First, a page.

Our next stop is the hat shop which also has a collection of masks from this one of this year’s productions as well as past ones being used as prototypes that haven’t gone back to storage yet.


Santa Fe Opera backstage tour photo Steve Collins

Last minute work to the set of Dauhter of the Regiment photo Steve Collins

Then it’s on to the backstage area. The set for Daughter of the Regiment, which was having its dress rehearsal that evening, is already in place. Signs of work are evident: a few ladders and other equipment that will be removed in time for the rehearsal. It’s interesting to see the set from this prospective. At the end of our tour, we’ll see if from the front of the house. The stage has a turntable which helps with set changes. There are extension pieces that can be added to make the stage larger, an elevator platform and stairs leading up to the stage from the ground level. The backstage may look familiar to anyone who’s seen the film, Crazy Heart which was mostly shot in Santa Fe).

Next we head to the principals’ dressing rooms. Unlike many opera and theater companies, there aren’t individual dressing rooms for the stars; they share. Some costumes are already on racks ready for the rehearsal.

We pass the chorus make-up room with wigs adorning the shelves and then a quick peek into the chorus room. I notice rehearsal notes for the chorus tacked onto the door.

Santa Fe Opera backstage tour photo Steve Collins

Chorus dressing room, photo Steve Collins

When asked what the biggest costume disaster was, Horpedahl says he can’t remember disasters. Whenever there’s a disaster, he relates, he’s immediately working towards the solution. He recounts a story he heard from his wife who was a draper when it happened. The story wasn’t funny at the time, but it is in retrospect. Three women in the chorus had costumes with billowy skirts. Curtain weights were placed in the hems to keep them down. During the run-through, a strong wind blew one of the women’s skirt up and the weight hit her in the head knocking her out cold. As opera season coincides with monsoon season a time of afternoon and evening thunder storms, there are many stories about performing through thunder and rain. The back of the open stage can be closed if the weather gets too fierce.

Setting the scene

Santa Fe Opera backstage tour photo Steve Collins

They were busy in the shop that makes the scenery photo/Steve Collins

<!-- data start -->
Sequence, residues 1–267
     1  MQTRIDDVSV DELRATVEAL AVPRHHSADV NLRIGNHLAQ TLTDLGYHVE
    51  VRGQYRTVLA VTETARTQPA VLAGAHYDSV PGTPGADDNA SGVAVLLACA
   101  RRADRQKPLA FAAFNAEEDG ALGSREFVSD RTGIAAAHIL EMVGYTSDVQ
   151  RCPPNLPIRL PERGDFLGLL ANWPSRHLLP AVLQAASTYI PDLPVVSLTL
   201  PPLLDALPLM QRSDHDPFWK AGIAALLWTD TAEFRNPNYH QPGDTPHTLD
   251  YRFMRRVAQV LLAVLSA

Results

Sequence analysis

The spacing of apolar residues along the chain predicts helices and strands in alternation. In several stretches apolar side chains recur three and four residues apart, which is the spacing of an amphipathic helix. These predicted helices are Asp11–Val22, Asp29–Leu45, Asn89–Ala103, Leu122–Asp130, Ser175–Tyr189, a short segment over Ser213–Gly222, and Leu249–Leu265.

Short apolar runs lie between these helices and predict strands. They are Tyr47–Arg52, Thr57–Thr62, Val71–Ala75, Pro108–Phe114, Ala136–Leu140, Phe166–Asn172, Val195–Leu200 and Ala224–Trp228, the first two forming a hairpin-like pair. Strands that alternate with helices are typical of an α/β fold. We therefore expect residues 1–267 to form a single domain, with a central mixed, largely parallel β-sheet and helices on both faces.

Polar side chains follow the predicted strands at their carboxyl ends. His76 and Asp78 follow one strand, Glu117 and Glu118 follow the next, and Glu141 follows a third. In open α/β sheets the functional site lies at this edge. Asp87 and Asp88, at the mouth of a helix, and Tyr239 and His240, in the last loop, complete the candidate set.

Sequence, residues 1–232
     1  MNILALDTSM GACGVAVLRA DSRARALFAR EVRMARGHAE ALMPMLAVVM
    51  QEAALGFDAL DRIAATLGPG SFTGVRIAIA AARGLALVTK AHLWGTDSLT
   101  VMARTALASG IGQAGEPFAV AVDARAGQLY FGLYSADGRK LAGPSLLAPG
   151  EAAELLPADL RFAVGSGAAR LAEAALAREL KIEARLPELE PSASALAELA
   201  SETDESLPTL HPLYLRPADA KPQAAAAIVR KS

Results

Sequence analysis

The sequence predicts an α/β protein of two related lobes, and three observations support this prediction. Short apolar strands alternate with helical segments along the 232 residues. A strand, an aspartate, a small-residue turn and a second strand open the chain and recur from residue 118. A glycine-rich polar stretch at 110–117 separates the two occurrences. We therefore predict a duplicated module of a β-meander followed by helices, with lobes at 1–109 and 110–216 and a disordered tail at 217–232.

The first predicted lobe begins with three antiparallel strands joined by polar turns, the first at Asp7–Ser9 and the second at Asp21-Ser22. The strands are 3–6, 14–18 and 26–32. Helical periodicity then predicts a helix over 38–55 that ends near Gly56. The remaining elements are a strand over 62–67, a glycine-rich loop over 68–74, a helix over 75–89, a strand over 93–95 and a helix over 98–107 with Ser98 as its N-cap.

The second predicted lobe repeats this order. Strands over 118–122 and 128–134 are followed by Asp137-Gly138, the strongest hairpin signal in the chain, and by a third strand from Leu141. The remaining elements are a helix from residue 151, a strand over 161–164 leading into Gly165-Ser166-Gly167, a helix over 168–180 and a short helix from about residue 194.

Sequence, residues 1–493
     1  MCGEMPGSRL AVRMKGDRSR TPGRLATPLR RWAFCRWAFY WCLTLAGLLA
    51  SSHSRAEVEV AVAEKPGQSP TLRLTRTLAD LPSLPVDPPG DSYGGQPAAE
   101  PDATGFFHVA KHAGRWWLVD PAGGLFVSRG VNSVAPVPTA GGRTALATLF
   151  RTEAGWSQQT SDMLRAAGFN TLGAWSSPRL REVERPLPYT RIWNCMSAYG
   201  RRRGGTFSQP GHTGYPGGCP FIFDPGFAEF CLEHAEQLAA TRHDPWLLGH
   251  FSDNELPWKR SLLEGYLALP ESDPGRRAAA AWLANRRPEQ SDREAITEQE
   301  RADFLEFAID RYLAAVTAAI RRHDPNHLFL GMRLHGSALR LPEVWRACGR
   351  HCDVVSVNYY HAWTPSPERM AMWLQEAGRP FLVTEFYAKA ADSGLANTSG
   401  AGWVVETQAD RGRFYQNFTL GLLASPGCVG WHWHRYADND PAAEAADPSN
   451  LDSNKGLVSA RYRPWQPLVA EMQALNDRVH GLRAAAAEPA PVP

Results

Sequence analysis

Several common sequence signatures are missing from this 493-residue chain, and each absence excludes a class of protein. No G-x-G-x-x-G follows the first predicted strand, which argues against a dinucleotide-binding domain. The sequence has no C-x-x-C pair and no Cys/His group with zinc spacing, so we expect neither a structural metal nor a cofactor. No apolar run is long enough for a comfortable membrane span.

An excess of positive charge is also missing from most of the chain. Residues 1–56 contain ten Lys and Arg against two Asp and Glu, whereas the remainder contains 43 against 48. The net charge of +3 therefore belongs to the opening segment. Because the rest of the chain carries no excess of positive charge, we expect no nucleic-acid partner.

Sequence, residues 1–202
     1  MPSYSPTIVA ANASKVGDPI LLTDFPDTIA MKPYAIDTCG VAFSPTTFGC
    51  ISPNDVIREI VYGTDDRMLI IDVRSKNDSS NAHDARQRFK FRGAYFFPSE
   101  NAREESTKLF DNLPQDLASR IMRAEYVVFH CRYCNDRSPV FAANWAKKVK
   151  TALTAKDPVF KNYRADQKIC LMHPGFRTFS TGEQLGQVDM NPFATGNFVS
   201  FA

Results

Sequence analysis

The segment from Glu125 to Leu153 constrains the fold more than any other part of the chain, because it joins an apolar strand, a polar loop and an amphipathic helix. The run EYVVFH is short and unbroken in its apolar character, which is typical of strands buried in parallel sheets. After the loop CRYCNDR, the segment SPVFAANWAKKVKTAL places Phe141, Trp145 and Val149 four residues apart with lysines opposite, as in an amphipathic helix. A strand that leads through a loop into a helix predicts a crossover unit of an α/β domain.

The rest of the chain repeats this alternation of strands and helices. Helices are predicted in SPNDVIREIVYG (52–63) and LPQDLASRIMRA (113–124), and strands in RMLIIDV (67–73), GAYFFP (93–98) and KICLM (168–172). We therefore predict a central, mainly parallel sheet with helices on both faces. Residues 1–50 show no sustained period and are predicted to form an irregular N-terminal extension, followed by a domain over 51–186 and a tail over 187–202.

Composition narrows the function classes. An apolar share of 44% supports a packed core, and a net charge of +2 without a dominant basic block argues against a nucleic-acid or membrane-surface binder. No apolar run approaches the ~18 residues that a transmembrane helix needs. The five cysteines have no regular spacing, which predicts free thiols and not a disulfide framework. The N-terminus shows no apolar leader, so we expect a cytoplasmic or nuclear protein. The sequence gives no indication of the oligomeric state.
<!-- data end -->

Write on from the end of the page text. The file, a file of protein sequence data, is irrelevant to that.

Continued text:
We then head to the scenery shop where they’re working fast and furiously. It’s pretty loud with saws and hammers going full-bore. Workers here all wear earplugs and goggles.

Next up we tour the prop shop. It’s full of a range of items that will be used in this season’s operas. We see a few chairs that Horpedahl tells us were made from old frames that were reupholstered on site. The workshop has craft area, a soft goods area, and a painting area. On a table there’s a lacquered whole pig, laid open on a platter for a dinner scene in Rigoletto.

Santa Fe Opera backstage tour photo Steve Collins

The painting that gets stabbed and the roasted pig in the prop shop, photo/Steve Collins

For a scene where an oil painting is stabbed, they made multiples to have enough for rehearsals and for each night the opera is in production. These are the kinds of things we civilian don’t necessarily think of. The original says, “Do Not Stab Me,” so it won’t be destroyed in error. All of the props are made to be as realistic as possible which helps “inform the artists’ singing.” Horpedahl adds. We see a rack of pack backs for Daughter made with fabric and cowhide. On the wall there’s digital clock with a rendition of Edvard Munch‘s The Scream counting down the days and hours to opening night.

The grande finale

Santa Fe Opera backstage tour photo Steve Collins

The view of the set and stage from the front of the house, photo/Steve Colins

Our tour ends in the front of the house. The set takes on a different aspect when seen from this side. Look at the stage which is open to a panoramic mountain view. Look familiar? That too was in Crazy Heart. It’s the stage that Colin Farrell performs from at the movie’s end. We thank Horpedahl for taking the time from his busy schedule (he literally works from morning into late at night during this time of year) to show us around and head off into the heat of the day knowing that beyond the smoke and mirrors there’s a lot of hard work, talent, and dedication.